16 Bible Passages about Why God Allows Evil and Suffering in the World
Many people have a difficult time believing the biblical truth that God is both good and great. They argue the following: If God is truly good, then he must not be great, because a good God would end the evil and suffering in the world. On the other hand, they say, if God is truly great, then he must not be good, because he could stop the evil and suffering but doesn’t. Here are sixteen Bible passages that help us understand why God allows the presence of evil and suffering in the world (all Scripture quotations from the English Standard Version):
God has a purpose in everything he allows.
1. The LORD has made everything for its purpose, even the wicked for the day of trouble. (Prov. 16:4)
God’s wrath is righteous.
2. For the wrath of God is revealed from heaven against all ungodliness and unrighteousness of men, who by their unrighteousness suppress the truth. For what can be known about God is plain to them, because God has shown it to them. (Rom. 1:18-19)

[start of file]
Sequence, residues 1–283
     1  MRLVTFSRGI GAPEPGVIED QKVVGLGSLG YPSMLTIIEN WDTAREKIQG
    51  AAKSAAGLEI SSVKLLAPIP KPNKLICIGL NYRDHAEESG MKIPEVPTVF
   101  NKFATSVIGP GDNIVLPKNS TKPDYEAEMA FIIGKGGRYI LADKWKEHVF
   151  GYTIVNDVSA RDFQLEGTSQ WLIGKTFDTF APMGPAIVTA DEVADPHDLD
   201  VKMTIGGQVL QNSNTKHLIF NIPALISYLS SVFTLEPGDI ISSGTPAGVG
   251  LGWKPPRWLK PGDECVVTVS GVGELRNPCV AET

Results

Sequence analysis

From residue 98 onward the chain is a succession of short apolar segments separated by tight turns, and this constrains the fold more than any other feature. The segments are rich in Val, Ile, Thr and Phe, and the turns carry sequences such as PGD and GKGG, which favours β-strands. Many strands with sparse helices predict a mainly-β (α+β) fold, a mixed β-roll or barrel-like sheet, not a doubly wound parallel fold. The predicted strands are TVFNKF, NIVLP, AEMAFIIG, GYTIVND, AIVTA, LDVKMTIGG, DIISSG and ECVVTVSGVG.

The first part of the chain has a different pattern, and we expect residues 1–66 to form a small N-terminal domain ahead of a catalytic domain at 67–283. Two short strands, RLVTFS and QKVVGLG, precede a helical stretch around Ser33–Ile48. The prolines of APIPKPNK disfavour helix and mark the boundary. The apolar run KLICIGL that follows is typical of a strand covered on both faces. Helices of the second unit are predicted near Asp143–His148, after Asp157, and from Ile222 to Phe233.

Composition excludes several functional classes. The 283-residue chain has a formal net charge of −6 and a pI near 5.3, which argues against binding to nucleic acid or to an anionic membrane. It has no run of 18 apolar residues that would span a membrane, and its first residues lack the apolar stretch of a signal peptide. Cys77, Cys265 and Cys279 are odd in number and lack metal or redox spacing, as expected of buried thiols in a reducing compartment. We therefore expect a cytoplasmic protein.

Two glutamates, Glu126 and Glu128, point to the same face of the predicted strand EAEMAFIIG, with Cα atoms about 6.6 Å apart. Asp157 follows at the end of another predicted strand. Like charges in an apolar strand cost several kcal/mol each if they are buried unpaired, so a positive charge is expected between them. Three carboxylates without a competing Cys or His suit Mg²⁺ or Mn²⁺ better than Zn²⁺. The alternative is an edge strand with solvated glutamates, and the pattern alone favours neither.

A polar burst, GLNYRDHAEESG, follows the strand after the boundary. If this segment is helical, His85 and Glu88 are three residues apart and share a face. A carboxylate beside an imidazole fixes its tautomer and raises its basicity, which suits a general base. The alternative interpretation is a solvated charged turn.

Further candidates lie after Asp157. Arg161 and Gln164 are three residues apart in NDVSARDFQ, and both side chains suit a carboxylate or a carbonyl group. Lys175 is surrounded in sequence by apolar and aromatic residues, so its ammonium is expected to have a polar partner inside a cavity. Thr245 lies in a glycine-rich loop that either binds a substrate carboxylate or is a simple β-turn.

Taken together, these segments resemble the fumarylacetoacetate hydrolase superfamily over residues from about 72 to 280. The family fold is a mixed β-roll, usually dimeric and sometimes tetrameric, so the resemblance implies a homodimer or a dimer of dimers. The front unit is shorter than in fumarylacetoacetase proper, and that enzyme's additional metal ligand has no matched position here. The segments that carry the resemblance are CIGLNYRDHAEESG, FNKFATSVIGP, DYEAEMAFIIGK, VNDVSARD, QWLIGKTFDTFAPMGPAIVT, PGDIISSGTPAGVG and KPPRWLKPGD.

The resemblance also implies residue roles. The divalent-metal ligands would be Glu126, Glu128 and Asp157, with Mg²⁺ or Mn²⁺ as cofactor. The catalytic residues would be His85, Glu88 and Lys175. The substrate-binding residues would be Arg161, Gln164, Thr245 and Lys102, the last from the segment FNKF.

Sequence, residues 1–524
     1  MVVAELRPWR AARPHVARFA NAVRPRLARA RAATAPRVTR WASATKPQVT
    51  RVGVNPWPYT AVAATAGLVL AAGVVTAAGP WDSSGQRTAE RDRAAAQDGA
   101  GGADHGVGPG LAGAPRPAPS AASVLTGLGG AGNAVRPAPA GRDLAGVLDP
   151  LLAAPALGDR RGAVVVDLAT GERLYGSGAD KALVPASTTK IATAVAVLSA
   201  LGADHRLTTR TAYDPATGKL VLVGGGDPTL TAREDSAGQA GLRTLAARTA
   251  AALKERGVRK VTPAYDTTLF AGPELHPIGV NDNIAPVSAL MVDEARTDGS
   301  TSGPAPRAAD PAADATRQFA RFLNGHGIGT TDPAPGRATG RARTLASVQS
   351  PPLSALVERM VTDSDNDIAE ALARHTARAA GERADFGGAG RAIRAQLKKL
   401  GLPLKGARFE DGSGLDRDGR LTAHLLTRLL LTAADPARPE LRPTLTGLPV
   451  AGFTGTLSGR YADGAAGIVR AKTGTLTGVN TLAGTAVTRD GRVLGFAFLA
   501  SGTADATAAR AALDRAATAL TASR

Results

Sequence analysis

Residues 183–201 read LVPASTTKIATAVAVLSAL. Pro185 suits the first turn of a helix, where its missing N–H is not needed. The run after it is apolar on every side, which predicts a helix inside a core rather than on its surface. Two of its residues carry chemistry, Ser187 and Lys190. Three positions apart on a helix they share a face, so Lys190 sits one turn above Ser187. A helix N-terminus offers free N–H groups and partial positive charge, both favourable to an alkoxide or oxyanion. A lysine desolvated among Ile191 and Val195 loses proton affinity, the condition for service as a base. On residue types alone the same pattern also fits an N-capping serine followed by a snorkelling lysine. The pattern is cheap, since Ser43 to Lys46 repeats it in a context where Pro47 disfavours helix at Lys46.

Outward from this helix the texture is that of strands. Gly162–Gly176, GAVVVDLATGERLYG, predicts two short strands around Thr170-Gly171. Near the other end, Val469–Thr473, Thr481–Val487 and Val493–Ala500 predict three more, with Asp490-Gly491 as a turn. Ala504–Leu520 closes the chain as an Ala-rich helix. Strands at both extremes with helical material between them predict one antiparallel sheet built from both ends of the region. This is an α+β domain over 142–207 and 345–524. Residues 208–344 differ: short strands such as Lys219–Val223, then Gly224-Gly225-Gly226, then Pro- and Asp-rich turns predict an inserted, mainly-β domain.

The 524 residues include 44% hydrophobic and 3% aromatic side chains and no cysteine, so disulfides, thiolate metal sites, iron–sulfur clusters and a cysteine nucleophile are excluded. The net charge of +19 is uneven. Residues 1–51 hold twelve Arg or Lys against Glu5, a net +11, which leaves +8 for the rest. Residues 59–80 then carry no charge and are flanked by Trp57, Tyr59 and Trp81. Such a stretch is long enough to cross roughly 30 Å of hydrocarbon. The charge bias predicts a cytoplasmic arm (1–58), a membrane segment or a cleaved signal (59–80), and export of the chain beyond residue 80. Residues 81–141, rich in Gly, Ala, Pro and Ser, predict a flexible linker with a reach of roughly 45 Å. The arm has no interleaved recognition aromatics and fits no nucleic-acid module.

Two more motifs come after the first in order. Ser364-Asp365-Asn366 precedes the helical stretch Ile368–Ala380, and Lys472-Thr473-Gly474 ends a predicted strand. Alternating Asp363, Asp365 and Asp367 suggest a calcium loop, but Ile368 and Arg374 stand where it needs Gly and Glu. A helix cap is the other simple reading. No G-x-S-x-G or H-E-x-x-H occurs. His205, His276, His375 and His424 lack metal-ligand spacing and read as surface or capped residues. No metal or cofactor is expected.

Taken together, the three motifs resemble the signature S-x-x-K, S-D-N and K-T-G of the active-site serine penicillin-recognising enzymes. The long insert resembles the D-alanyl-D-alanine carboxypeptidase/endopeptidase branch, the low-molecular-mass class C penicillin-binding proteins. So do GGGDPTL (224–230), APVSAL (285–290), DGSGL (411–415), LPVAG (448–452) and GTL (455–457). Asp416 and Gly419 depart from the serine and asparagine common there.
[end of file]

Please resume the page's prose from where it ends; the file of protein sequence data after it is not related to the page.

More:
The debased minds of the wicked are evidence of human rebellion against God.
3. And since they did not see fit to acknowledge God, God gave them up to a debased mind to do what ought not to be done. They were filled with all manner of unrighteousness, evil, covetousness, malice. They are full of envy, murder, strife, deceit, maliciousness. They are gossips, slanderers, haters of God, insolent, haughty, boastful, inventors of evil, disobedient to parents, foolish, faithless, heartless, ruthless. (Rom. 1:28-30)
God has the final say and is always loving and just.
4. For I am sure that neither death nor life, nor angels nor rulers, nor things present nor things to come, nor powers, nor height nor depth, nor anything else in all creation, will be able to separate us from the love of God in Christ Jesus our Lord. (Rom. 8:38-39)